John Thickstun
Contact: thickstn at cs.washington.edu I am a PhD candidate in Computer Science & Engineering at the University of Washington, coadvised by Sham Kakade and Zaid Harchaoui. I completed my undergraduate degree in Applied Mathematics at Brown University, where I was advised by Eugene Charniak and Björn Sandstede. My current research interests include generative models, sampling, time series, and applications to music. My research has been supported by a 2017 NSF graduate fellowship, and a 2020 Qualcomm innovation fellowship. I will be completing my PhD in Summer 2021, and joining Stanford in Autumn as a postdoc working with Percy Liang. My CV is available here. 
Teaching Autumn 2020: CSE 599 Generative Models Research Directions  
Source Separation and Conditional Sampling 
We can use a generative model as a prior for decomposing a linear mixture of sources into its constituent parts. We demonstrate this on the left for linearly superimposed images of churches and bedrooms. The idea is to train train two generative models: one that estimates the likelihood of the distribution over images of churches, and another that does the same for images of bedrooms. We can separate a mixture of images by decomposing it into two images that are likely under the priors for churches and bedrooms respectively, that satisfy the constraint that decomposition must sum to the given mixture. This can be interpreted as conditional sampling from the posterior distribution over sources given a mixture. Our work on visual source separation has appeared in ICML 2020. Extensions of these results to audio separation and more general conditional sampling problems are in preparation. [Conference Paper] [Recorded Presentation] [Code] 
Generative Modeling of Musical Scores 
Generative models are powerful tools for revealing structure in data. Features learned by fitting an unsupervised generative modeling objective can be transferred to other tasks. Or, as see in the source separation project above, we can directly leverage these generative models as priors. A fun aspect of these models is that you can sample from them; a generative model over musical scores can be turned into a kind of automatic music composer (see left). Musical scores are highly structured, heterogenous objects. Their twodimensional structure is reminiscent of visual data, but their timeseries structure and sparsity are reminiscent of language. In contrast to both language and visual imagery, the number of scores in a particular musical genre is limited. This makes score modeling an inherently lowresource learning problem. In work appearing in ISMIR 2019, we discuss domainspecific modeling choices that help maximize what we can learn from limited data. [Conference Paper] [Demos] [Code]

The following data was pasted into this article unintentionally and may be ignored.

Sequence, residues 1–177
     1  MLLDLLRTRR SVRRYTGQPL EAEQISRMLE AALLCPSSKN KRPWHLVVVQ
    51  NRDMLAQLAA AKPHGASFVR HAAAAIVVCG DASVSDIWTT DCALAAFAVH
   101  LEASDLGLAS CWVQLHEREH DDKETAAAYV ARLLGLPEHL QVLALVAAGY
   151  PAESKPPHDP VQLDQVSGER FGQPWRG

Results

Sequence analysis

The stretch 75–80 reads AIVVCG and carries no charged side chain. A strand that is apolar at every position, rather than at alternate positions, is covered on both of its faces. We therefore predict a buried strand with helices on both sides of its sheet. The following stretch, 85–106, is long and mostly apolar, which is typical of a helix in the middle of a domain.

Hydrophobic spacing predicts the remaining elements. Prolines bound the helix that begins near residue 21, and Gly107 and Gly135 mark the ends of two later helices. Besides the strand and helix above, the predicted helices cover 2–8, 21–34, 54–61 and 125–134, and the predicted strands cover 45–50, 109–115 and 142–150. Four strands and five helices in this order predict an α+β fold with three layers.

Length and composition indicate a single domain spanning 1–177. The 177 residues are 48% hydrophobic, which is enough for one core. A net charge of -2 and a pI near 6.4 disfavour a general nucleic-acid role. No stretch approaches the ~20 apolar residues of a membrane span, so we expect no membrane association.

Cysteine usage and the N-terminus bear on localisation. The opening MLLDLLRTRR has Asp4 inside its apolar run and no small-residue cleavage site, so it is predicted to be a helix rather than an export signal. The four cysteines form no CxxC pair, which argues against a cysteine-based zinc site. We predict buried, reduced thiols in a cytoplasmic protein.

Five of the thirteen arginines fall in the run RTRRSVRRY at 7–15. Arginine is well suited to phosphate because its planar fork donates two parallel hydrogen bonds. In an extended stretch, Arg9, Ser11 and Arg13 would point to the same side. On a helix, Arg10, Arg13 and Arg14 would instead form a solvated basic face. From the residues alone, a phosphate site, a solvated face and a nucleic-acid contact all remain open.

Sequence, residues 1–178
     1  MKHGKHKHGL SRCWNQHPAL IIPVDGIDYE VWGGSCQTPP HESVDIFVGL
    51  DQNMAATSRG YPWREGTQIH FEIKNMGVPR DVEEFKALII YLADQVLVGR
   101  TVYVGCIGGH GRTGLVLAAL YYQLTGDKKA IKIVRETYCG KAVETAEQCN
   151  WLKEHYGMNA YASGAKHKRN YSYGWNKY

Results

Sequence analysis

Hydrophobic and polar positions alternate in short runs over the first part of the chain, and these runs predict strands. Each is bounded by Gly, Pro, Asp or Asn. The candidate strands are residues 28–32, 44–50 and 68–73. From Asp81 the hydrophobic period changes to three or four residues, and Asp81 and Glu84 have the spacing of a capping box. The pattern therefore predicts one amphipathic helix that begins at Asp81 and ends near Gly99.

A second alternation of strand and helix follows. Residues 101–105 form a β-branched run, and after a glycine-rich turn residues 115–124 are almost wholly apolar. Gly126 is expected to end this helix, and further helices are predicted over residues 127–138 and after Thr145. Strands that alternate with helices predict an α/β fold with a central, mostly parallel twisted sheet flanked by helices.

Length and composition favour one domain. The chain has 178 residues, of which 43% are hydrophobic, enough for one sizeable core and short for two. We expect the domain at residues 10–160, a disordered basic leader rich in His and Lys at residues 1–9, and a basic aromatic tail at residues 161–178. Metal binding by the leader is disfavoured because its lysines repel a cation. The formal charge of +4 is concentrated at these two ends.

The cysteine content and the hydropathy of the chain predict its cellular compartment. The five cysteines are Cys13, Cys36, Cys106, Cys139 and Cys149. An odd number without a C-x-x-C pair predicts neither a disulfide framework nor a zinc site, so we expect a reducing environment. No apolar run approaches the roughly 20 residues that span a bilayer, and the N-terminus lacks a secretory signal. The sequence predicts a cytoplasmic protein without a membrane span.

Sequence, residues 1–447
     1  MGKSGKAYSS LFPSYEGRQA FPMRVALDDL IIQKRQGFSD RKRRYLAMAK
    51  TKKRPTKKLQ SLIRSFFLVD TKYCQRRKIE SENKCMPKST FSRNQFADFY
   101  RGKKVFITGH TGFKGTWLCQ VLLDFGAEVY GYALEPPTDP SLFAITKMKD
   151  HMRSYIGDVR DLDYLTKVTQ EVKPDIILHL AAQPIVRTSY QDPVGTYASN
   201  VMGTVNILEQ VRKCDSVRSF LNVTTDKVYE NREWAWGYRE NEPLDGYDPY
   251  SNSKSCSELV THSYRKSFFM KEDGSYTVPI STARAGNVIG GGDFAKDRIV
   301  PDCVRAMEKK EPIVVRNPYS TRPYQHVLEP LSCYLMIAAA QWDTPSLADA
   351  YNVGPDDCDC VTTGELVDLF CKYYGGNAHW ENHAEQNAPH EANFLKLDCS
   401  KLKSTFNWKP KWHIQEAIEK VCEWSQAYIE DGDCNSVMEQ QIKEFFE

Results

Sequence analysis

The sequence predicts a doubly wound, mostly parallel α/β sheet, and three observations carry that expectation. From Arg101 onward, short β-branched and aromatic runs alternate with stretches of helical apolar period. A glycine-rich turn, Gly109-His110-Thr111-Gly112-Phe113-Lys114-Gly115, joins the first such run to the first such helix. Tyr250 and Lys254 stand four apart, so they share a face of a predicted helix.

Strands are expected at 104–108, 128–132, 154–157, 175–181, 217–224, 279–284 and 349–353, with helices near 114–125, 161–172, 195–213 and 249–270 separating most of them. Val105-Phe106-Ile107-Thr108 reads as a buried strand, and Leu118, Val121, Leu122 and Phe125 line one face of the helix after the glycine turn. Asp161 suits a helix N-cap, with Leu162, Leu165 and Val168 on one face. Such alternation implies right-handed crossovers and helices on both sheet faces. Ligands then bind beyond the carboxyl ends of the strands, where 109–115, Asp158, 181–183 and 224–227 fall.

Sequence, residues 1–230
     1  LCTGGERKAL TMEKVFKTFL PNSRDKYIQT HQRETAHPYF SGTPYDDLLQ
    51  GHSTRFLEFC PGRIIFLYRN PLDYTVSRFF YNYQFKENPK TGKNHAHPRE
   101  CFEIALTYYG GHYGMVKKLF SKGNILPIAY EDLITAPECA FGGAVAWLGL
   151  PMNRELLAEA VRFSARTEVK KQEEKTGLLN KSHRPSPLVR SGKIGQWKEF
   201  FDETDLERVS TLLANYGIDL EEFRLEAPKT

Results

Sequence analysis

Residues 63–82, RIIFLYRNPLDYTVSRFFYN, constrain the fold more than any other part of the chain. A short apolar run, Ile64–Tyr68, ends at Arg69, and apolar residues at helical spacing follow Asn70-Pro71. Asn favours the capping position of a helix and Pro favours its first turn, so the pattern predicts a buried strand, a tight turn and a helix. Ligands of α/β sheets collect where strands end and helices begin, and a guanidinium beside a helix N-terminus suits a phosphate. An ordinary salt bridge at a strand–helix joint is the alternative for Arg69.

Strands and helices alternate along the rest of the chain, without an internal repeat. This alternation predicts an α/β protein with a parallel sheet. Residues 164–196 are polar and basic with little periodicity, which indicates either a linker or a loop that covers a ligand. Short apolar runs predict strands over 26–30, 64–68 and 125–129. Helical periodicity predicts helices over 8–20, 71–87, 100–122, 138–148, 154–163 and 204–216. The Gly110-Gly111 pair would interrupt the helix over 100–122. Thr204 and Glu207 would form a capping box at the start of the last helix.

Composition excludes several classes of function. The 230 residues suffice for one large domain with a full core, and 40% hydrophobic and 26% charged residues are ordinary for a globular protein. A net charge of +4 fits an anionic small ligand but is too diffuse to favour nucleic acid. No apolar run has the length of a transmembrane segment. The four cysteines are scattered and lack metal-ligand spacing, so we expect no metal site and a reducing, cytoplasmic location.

MusicNet and Music Transcription

Musical scores comprise a dense set of labels on performances of classical western music. These labelings are analogous to semantic segmentations of visual imagery. However, in order to use a score as a segmentation map, we must first align it to particular audio recording by warping precise timings in the score onto expressive timings chosen by the performers. This is the music alignment problem. Using an alignment algorithm, we created the MusicNet dataset by aligning scores to a collection of freelylicensed recordings. We can use these labels to, for example, train an automatic music transcription system. In work appearing at ICASSP 2018, we describe a stateoftheart transcription model trained using MusicNet that todate (2019) is the bestperforming algorithm in the MIREX transcription challenge. [Conference Paper] [Code] 
Publications and Preprints MAUVE: HumanMachine Divergence Curves for Evaluating OpenEnded Text Generation. Rethinking Evaluation Methodology for AudiotoScore Alignment. Faster Policy Learning with ContinuousTime Gradients. An Information Bottleneck Approach for
Controlling Conciseness in Rationale Extraction. Source Separation with Deep Generative Priors. Convolutional Composer Classification. Coupled Recurrent Models for Polyphonic Music Composition. Invariances and Data Augmentation for Supervised Music Transcription. Learning Features of Music from Scratch (MusicNet). Notes and Tutorials A brief mathematical introduction to GAN's The Transformer model in equations Information theory: an alternative introduction with applications to concentration of measure Conditional Random Fields as a generalization of logistic regression Some notes on HilbertSchmidt operators Estimating the Shannon capacity of a graph Thoughts on proof assistants with companion code Finance Three perspectives on the BlackScholes formula:
Heuristics for manipulating stochastic differential equations Negative probabilities in the binomial option pricing model Probability The fast JohnsonLindenstrauss transform Probability densities from a measuretheoretic perspective Fun stuff